Bangkok Wakes to Rain, by Pitchaya Sudbanthad, Riverhead Books, 368 pp, ISBN: 978-0525534778
Cities are smells, says poet Mahmoud Dawish. Cairo is the smell of mango and ginger. Beirut is the smell of the sun, sea, smoke, and lemons. Paris is the smell of fresh bread, cheese, and derivations of enchantment …
That cities are smells seems obvious. But how about cities as novels? After all, some of the greatest novels ever written have been stories of place more than stories of people. If Joyce’s Ulysses is Dublin, Bulgakov’s Master and Margarita is Moscow, and Tanizaki’s Makioka Sisters is Osaka, then with Pitchaya Sudbanthad’s Bangkok Wakes to Rain we have Bangkok. Bangkok, at last!
Bangkok Wakes to Rain is redolent of the “city of angels”: of food-stall noodles, sizzling meats, and spicy fish soup; of golden spires, smouldering incense sticks and barefoot, saffron-robed monks; of traffic that never stops; of mould, snakes, and music; and of “rubies and thousands of years of rain”. Bangkok wakes to rain. And Bangkok sleeps to rain. As anyone who has ever been there knows: Bangkok is a watery world. A city of humid air so thick it’s wet. It’s perspiration and smog, relentless rains and a great river that runs through it.
Sudbanthad writes one evocative and gorgeous sentence after the next. His novel paints a picture of the spirit of the great capital. A palimpsest, like David Mitchell’s Cloud Atlas, stories that stretch across centuries, revolve loosely around a house built in the centre of the endlessly sprawling city. The novel begins, also like Cloud Atlas, in the Victorian Age, when an American missionary doctor finds himself in the Siam of old. Stories unfold through time. There is the tale of two sisters and then of two friends. There is a self-exiled jazz musician from America and a prodigal son who refuses to return home for good. And before the story ends, we find ourselves in a future Bangkok of climate change and minds being uploaded to the cloud.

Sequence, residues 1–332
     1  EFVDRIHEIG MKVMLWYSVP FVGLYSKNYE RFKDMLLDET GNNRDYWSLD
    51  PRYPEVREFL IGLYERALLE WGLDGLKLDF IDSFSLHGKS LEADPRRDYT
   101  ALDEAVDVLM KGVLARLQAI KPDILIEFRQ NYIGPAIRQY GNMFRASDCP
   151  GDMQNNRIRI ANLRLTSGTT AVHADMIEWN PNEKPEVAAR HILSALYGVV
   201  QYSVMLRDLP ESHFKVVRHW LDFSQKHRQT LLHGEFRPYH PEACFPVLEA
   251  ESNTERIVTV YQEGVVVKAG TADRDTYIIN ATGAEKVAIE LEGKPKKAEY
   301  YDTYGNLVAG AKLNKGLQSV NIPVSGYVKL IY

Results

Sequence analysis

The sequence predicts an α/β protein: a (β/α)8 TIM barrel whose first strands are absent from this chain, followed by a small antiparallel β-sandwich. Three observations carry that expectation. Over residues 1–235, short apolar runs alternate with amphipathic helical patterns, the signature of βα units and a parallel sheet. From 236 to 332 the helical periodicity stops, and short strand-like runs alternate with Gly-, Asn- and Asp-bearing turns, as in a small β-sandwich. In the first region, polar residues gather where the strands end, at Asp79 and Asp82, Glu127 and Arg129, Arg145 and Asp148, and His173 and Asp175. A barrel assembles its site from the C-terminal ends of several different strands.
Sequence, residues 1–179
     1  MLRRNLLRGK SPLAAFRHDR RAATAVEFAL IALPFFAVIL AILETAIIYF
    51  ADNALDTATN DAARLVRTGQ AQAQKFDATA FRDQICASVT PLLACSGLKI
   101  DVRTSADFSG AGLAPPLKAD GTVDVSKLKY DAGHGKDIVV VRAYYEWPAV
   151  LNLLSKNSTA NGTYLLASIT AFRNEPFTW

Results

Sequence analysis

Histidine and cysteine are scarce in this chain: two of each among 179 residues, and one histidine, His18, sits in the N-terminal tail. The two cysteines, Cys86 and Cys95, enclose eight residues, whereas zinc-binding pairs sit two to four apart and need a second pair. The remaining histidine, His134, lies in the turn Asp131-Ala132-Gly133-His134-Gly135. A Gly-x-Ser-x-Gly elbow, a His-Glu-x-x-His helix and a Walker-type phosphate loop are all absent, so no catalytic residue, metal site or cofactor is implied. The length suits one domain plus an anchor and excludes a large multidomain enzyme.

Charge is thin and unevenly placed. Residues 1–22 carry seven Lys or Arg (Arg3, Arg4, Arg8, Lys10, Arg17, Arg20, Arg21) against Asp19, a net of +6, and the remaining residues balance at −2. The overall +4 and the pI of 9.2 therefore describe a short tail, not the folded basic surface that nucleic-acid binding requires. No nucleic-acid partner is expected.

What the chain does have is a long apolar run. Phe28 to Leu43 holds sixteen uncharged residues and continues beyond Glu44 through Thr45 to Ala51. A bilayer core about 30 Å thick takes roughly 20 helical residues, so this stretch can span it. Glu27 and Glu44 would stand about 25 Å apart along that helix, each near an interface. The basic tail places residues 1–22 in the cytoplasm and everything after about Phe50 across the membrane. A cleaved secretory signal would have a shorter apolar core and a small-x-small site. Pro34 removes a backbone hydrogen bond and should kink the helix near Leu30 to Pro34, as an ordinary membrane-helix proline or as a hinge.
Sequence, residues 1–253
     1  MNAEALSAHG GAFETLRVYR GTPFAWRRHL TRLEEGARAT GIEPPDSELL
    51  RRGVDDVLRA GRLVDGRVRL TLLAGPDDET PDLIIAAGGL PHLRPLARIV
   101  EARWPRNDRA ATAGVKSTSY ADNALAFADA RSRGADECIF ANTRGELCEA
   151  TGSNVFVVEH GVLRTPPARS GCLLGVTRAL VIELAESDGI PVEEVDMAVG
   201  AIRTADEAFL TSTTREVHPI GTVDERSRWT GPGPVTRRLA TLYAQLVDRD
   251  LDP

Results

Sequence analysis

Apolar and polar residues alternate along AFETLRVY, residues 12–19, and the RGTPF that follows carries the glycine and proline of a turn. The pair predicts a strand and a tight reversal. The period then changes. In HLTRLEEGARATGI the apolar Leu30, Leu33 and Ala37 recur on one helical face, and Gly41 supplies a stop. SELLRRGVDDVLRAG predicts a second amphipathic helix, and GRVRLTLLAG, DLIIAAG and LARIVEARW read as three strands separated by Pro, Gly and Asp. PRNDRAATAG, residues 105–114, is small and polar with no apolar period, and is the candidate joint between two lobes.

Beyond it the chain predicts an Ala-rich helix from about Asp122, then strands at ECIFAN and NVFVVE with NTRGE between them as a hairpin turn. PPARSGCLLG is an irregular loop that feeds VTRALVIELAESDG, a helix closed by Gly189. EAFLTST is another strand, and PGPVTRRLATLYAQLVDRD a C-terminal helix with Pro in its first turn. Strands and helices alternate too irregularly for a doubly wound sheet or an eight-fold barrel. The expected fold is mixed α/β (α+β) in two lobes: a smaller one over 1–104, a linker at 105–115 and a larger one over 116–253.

Not surprisingly, many readers are comparing the novel to Cloud Atlas. And indeed, the similarities abound. But where Cloud Atlas has a logical sequence to the interwoven stories, Subanthad’s novel is more random in structure. The stories blink in and out. This makes it harder to follow, but the lack of a sequence provides for more of a wild ride. And before I forget to say it: the writing is heart-stoppingly gorgeous. I listened to the Audible version and found myself racing upstairs to grab the book so I could savour it again slowly, reading aloud to myself.
A debut novel that is a stunning tour de force, it is not a translation and was written in English. The author, who was born in Bangkok, spent much of his childhood overseas, in Saudi Arabia and the US. Perhaps because of this early displacement, his sensitivity to place and home are particularly acute. That cities have their own distinct and discrete smells, weather, feeling, music and mood is something immediately discernible to anyone who travels around continental Europe, where despite their close proximity the cultures/spirits/aurae/airs/colours are so beautifully distinctive. Cityscapes ‑ like landscapes ‑ develop rich and complex atmospheres to which those who live there become attuned. Philosophers invoke “place” to describe the way human beings are embedded in their urban surroundings. finding meaning “there” through shared values and shared mood. It is this spirit which enables people to say that great cities have emergent, lasting characters that are more than the sum of their buildings, streets, weather, and current occupants. Think, for example, about how the citizens of Carthage at the end of the Third Punic war begged the Romans to spare their city: